Geonoma epetiolata

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Figure 1. G. epetiolata in habitat, Costa Rica.


Common Names:

Stained Glass Palm

Distribution & Habitat:

It grows from sea level to 900m in pre-montane rain forest in Costa Rica.


A small, solitary, understory palm with a stem to 2m tall, and 1cm in diameter. It has simple bifid leaves, up to 60cm long, and 17cm wide, which don't have petioles (epetiolata == no petioles), but do have very attractive mottling. The young leaves are quite spectacularly coloured with oranges and reds (hence the common name of Stained Glass palm).


Several web sites (e.g. [[www.rara-avis.comprojects_in_rara_avis.htm" here and [[" here) talk about Geonoma epetiolata, and how it was (supposedly) discovered in Panama in the late 19th century, and then almost driven to extinction through over-collection for the european glasshouse market, and then rediscovered only a few decades ago.

The following is a refutation of that claim, from Jay Vannini, originally posted to the [[palmtalk.orgcgi-binforumikonboard.cgi?act=SF;f=1" IPS forum:

There is quite a bit of nonsense and legend published on the web by Costa-Rican eco-lodges and their ilk regarding the "history", distribution and current status of this palm. While still possible, I have not been able to verify any claims that it was ever cultivated in european glasshouses during the late nineteenth century, then "lost" (apparently until Moore's description in 1980, based on Robert Dressler's collection of the type material in the early '70s). It certainly tests the limits of credibility that such a showy small palm should have not been described in the early 1900's, if there was material, even lacking locality data, available to british botanists. As many know, it was common practice to publish binomials based on unicates from cultivation with questionable/no collection data.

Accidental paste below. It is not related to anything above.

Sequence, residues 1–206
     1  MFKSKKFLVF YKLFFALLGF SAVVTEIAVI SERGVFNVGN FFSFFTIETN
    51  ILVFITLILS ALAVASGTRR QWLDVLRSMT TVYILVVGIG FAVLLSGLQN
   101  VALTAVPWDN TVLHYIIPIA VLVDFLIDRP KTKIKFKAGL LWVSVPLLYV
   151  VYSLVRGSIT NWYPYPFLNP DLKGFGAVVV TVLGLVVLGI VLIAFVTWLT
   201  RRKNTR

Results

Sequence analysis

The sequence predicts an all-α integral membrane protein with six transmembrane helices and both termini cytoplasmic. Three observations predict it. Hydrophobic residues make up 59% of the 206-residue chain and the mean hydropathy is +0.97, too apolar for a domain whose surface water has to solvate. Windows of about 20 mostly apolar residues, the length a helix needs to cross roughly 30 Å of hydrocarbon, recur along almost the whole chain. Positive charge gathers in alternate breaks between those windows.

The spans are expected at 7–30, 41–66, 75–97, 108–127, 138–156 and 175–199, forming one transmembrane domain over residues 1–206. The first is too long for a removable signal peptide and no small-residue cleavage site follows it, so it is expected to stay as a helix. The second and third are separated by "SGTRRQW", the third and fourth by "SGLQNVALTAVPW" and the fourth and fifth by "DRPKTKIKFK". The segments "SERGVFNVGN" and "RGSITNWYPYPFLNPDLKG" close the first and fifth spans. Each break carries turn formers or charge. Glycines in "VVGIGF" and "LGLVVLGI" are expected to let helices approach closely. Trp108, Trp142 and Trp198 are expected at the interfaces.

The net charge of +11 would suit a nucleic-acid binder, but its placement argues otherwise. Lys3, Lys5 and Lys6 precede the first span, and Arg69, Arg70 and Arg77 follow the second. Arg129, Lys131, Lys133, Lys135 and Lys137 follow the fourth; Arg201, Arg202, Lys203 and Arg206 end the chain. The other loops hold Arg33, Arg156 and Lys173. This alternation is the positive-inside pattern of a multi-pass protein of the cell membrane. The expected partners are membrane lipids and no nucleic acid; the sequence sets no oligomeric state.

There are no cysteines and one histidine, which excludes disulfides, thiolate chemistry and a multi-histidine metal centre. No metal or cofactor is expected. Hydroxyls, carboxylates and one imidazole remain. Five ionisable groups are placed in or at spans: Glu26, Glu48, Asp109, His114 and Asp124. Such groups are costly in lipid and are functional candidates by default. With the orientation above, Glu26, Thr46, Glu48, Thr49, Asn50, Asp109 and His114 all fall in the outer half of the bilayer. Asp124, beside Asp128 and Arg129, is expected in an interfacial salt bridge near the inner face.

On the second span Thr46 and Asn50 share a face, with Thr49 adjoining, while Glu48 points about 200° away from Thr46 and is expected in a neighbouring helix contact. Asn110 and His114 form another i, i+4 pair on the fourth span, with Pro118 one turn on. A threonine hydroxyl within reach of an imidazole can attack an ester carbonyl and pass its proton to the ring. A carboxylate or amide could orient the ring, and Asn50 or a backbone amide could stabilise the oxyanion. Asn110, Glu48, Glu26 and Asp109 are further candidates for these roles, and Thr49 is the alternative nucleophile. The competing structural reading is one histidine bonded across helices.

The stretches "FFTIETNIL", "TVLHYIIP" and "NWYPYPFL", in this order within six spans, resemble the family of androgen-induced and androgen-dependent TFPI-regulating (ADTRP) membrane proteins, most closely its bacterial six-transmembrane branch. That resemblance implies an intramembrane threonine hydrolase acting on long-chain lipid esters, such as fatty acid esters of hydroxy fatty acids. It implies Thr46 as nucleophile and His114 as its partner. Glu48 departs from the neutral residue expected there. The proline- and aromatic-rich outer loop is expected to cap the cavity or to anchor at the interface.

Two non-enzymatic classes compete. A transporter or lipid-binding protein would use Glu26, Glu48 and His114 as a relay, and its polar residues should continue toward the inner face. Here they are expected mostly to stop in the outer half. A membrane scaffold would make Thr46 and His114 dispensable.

The small populations of Geonoma epetiolata that occur in and adjacent to the Zona Protectora appear to be western outliers, and the main population appears to be scattered at lower middle elevations much further to the east.

With regards to its present conservation status - current [[www.cites.orgengappappendices.shtml" CITES lists for Apps 1, 2 and 3: - no Geonoma, as far as I can see. Please be careful what you wish for, boys and girls!

This palm occurs in several private and national protected areas in both of its range states. I would consider it to be relatively common at two localities that I am familiar with, where it occurs in sympatry with several other palmlets of commercial interest (Chamaedorea amabilis, C. sullivaniorum, C. correae, etc.). Clearly, based on their relative abundance, these areas have not been visited by "enthusiasts", yet.

These palmlets vary quite a bit, both from individual to individual, and in response to the light levels under which it is cultivated. Very tall specimens (1.60 m), tend to have very narrow, triangular leaves, similar to some other dwarf, simple-leaf members of the genus (such as G. divisa).

I am aware of plants that are successfully grown in three Central American countries, Hawaii and Oz. Based on personal observation, seeds mature very late in the season and are subject to heavy predation by small rodents and weevils. Fruit colors fully on the infructs. quite some time before the seed is actually mature.


Warm, sheltered and moist. Seed is hard to come by, and difficult to germinate.

Figure 2. G. epetiolata
Figure 3. G. epetiolata
Figure 4. G. epetiolata
Figure 5. G. epetiolata

Contributed by:

Jay Vannini (Figure 1,2,3,4&5)

External Links:

Kew, PalmWeb, eMonocot, JSTOR, Trebrown

Google, Google Images, Flickr, PACSOA Forums, PalmTalk